Contract with Your Future

I ask my students (U. of Minnesota) in a course for junior and senior students, called “Issues in Cultural Pluralism,” to write a brief “contract with your future.” It could be a page or a page and a half. “It won’t be graded. I think it’s a very good thought exercise. Write me in 20 years, and let me know!”

“The contract is with your idea of your longest life. Think about what’s really old for you, say 70, 80, 90…What will it take at that age for you to look back at your life, and tell yourself: I’ve lived a pretty good life?”

The idea of the “contract” is drawn from some Journal comments of Søren Kierkegaard, who contrasted character with virtuosity:

Why is it, I have wondered, that whereas authors, poets, et al in earlier eras produced their most important works in their later years, it is characteristic of our age to begin with the climax, also a distrust of life; thus almost everyone considers quitting early, a professor for a few years, a poet for a few years, an actor a few years, etc – in short, as if the tasks were not enough for a whole life.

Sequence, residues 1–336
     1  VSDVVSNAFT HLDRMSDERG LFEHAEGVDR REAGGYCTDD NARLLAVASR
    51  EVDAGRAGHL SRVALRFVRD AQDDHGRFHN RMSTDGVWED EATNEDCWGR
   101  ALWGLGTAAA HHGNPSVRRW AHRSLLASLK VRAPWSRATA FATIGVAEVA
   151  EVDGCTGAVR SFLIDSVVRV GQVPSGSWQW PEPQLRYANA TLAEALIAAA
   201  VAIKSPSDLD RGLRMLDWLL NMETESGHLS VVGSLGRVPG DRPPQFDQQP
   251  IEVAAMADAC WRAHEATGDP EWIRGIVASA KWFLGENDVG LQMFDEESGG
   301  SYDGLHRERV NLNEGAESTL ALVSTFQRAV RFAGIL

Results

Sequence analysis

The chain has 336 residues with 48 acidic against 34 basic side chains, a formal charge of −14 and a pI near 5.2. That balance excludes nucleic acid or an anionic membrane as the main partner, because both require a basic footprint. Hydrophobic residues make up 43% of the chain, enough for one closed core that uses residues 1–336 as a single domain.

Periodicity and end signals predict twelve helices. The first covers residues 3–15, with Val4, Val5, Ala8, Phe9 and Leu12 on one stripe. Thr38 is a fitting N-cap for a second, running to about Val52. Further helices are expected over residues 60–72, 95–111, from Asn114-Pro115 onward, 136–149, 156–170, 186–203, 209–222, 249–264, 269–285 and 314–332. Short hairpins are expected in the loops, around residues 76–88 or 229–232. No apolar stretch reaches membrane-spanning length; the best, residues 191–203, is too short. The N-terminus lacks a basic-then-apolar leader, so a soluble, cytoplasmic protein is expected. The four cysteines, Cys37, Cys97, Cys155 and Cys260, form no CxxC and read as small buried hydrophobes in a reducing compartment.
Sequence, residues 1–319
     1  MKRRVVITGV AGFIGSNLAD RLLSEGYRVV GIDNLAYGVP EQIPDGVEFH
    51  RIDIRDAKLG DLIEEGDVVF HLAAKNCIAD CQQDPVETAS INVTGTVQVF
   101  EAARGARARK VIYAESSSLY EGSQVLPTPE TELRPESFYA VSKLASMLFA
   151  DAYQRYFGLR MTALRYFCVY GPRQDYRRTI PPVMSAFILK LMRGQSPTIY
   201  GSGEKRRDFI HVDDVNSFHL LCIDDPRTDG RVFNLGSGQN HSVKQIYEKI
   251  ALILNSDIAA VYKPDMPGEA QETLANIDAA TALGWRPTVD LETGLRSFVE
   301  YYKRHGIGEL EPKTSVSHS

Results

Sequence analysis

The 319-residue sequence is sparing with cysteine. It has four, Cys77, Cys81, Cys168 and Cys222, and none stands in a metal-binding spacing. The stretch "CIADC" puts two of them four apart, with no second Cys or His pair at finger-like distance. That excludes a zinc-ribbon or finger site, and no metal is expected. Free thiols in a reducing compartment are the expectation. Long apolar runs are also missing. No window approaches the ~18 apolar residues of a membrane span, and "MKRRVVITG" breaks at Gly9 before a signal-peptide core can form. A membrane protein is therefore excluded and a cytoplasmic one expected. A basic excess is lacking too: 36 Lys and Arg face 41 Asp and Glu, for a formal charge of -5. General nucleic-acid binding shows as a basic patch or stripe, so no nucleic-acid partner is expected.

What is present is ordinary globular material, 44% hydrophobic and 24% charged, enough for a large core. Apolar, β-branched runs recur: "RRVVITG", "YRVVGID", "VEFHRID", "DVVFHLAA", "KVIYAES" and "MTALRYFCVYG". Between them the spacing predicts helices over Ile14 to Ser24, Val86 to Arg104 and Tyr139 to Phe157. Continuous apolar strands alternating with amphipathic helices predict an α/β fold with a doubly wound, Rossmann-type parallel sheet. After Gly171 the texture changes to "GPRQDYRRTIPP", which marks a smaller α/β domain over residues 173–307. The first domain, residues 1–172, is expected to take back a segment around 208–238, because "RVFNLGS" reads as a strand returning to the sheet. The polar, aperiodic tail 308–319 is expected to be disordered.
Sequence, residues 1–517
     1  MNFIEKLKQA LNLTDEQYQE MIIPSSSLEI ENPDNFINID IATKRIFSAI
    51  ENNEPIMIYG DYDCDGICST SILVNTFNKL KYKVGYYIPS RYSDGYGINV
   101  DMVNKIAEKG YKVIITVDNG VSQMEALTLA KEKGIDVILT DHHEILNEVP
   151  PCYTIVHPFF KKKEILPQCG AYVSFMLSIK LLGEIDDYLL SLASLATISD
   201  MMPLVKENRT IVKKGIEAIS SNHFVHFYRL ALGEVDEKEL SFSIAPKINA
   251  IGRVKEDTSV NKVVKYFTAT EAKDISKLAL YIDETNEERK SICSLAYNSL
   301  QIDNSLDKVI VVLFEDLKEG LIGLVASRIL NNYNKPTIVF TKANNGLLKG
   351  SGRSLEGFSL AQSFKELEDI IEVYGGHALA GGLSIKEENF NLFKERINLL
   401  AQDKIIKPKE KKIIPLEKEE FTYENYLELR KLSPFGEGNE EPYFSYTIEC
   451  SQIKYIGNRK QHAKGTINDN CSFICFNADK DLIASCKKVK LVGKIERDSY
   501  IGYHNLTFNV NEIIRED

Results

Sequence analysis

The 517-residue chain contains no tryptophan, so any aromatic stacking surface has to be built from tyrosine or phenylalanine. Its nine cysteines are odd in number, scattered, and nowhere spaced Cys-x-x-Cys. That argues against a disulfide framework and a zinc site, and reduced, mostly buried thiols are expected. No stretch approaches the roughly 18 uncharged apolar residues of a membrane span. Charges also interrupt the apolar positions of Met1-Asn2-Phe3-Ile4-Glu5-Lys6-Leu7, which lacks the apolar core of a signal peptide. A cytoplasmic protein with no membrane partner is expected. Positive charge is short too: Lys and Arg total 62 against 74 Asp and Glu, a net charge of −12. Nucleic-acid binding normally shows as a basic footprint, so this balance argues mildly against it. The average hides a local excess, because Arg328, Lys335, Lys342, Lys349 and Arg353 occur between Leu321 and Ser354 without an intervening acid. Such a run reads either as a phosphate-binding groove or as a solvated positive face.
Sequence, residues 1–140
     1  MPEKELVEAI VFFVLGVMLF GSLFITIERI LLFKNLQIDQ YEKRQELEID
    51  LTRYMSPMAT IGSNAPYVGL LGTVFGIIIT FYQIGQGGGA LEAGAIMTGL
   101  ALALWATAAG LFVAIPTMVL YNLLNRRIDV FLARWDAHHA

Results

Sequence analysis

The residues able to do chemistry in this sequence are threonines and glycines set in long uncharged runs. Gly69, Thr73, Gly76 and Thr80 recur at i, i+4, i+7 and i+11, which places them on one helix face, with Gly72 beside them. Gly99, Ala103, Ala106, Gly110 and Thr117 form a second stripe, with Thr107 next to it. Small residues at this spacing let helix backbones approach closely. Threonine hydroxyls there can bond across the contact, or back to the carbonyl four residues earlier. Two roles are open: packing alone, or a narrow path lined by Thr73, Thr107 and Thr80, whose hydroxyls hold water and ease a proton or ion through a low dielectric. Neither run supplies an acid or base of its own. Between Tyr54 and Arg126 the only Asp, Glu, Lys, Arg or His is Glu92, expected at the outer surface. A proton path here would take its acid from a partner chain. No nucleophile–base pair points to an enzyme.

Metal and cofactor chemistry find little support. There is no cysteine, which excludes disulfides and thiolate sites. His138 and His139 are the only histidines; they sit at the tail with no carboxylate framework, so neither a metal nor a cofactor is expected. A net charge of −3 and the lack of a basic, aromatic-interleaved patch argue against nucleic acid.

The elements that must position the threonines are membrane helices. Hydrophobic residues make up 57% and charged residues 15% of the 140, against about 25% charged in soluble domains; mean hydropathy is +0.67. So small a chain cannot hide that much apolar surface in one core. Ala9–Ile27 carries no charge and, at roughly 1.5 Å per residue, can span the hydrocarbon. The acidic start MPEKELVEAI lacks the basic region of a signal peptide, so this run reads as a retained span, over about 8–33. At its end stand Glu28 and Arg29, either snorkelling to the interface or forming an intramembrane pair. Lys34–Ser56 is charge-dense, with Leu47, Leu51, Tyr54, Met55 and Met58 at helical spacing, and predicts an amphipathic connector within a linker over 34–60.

I think it can be explained this way, that instead of being character tasks, all tasks have become virtuosity tasks. This is why they are not enough. The ability to express the highest, to understand the highest, to present it, etc., can be achieved before thirty. But to do it – that changes everything and gives one a task large enough for the longest life.

But this is not what they want. They want to scintillate with virtuosity – and sneak away from character. This is why they turn aside…

S. Kierkegaard

Journal #4475 (1851)

The idea of the contract, is that students thinking about their “longest life,” may feed-back to this day and each next day, in contemplating the nature of their own character. (A study in being and becoming.)